I remember the woman who would go out to eat lunch with her friends and thoroughly enjoy every minute of it. She felt no judgment, no doubt. A woman who looked forward to their annual shopping trip but now doesn’t know if she can physically handle the trip.

You see a woman able to work part-time who feels lucky she is able to do that.

I see a woman who has no choice. A woman who struggles to get through even a part-time schedule. A woman who desperately wants and needs to work full-time. This woman spends her days off recovering from the days worked. She’s not at home sleeping in while everyone is working, she’s up at 6 a.m. because pain won’t let her sleep in. She’s not relaxing enjoying the weather or catching up on housework or going shopping. She is in bed, exhausted but unable to sleep. Switching positions frequently, yearning to get comfortable. Heating pads, icy hot patches and medications get her through the day. Her mind races with things she wants to do, things she needs to do but her body struggles to even make it through a shower.

This woman would give anything to feel normal. She now views being able to work full-time a gift, an opportunity she used to complain about. She spends a lot of her days off in doctors’ offices and hospitals, hours of waiting and wondering, X-rays, needles, more bills adding to the financial burden created by not being able to work full-time. She sits on the sidelines as life passes by, desperately wanting to jump in, to participate, to live.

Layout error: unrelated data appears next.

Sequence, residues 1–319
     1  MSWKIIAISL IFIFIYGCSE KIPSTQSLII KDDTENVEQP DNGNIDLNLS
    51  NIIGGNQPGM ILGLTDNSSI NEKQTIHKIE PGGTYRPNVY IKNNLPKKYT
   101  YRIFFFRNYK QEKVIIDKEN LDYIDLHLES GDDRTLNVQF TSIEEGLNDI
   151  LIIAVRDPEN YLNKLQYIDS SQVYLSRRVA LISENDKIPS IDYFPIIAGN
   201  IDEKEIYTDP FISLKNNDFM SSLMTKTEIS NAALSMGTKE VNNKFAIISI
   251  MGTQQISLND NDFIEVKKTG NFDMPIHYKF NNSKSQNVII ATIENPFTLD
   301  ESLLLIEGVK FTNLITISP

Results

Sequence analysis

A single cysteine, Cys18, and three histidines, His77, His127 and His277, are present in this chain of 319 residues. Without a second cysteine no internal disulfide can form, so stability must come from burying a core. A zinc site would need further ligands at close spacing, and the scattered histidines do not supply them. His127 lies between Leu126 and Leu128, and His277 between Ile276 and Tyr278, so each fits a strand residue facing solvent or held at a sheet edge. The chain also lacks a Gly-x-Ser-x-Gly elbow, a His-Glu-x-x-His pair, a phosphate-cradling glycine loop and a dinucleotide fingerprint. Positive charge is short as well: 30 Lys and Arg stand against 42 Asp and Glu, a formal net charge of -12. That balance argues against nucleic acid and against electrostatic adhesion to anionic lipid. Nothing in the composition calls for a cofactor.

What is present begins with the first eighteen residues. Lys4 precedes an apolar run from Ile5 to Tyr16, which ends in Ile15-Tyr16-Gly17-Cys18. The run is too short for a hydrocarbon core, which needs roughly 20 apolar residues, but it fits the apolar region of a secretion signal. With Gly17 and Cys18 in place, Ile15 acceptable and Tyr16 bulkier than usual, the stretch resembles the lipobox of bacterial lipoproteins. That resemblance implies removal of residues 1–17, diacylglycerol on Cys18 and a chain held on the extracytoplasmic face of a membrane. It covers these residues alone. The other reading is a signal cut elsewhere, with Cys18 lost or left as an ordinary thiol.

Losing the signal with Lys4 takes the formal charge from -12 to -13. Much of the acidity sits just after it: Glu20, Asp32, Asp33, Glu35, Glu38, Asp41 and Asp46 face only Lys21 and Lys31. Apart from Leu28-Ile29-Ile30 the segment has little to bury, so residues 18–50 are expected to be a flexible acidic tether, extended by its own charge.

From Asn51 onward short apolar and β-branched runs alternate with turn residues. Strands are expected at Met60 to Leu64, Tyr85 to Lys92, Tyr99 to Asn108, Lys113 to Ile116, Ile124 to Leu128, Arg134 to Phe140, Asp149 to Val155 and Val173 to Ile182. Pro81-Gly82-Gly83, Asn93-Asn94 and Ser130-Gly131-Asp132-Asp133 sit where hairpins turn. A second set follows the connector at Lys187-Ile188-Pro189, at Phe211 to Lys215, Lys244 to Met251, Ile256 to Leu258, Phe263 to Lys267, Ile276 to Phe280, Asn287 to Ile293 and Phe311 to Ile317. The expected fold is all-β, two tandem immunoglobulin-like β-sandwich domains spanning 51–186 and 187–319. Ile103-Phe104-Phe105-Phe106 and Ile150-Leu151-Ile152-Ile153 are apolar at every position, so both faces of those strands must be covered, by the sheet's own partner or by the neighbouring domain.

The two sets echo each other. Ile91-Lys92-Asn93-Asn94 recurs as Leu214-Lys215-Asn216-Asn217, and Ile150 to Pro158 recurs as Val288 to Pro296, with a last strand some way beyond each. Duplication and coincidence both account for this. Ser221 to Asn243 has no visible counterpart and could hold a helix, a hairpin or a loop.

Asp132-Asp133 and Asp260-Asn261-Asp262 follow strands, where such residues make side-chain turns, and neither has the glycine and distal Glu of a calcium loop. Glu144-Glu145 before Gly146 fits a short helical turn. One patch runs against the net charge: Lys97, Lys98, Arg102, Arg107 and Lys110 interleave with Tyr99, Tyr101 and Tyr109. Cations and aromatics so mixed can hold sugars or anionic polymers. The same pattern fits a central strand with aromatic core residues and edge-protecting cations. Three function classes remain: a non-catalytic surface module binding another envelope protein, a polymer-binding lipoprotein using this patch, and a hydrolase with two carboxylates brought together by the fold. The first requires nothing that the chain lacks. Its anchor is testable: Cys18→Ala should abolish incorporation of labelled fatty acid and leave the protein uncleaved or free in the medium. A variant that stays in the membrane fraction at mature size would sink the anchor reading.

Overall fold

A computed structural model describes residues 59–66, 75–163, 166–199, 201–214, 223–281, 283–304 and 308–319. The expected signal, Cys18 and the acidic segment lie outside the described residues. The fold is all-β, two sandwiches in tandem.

I see a shell of the woman I used to be. I see her struggle to get out of bed every day, not because she’s lazy or it’s too early, but because she’s in pain and her body doesn’t always cooperate. I see her take a handful of medicine every morning and night to function. I see her limp from pain and weakness. I see the bruises from stumbling and bumping into things. I see her have to rest after simply taking a shower. I see her husband walk beside her with his arm stretched out ready to steady her or catch her if she gets too weak.

I see all of this through tears. Tears hidden from the world, tears held back to maintain the image of the person I want you to see. In chronic illness there is a saying that people think we pretend to be sick when in reality we are pretending to be well. We pretend as we desperately try to hold onto some part of normal life. We pretend to avoid the judgment, gossip, frustration and pain of having people you love not believe you. I miss the person I used to be. I miss the person I dreamed of becoming. And yes, I know “it could always be worse,” but please don’t minimize the impact and grief I feel from having a chronic illness to which there is no cure.

I’m not writing this for pity, attention, or sympathy. I’m writing this for awareness for invisible illness and the stigma surrounding it and also as an outlet to say the things I work so hard at hiding. Many of us are judged, questioned, doubted and even mocked every day, and sometimes it comes from those closest to us.

I rarely have good days anymore. I see the life I had slipping farther and farther away. I struggle every day to deal with this. So please, the next time you look at me pretending, remember that the person you see is the me I want you to see.

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Thinkstock photo via Rohappy.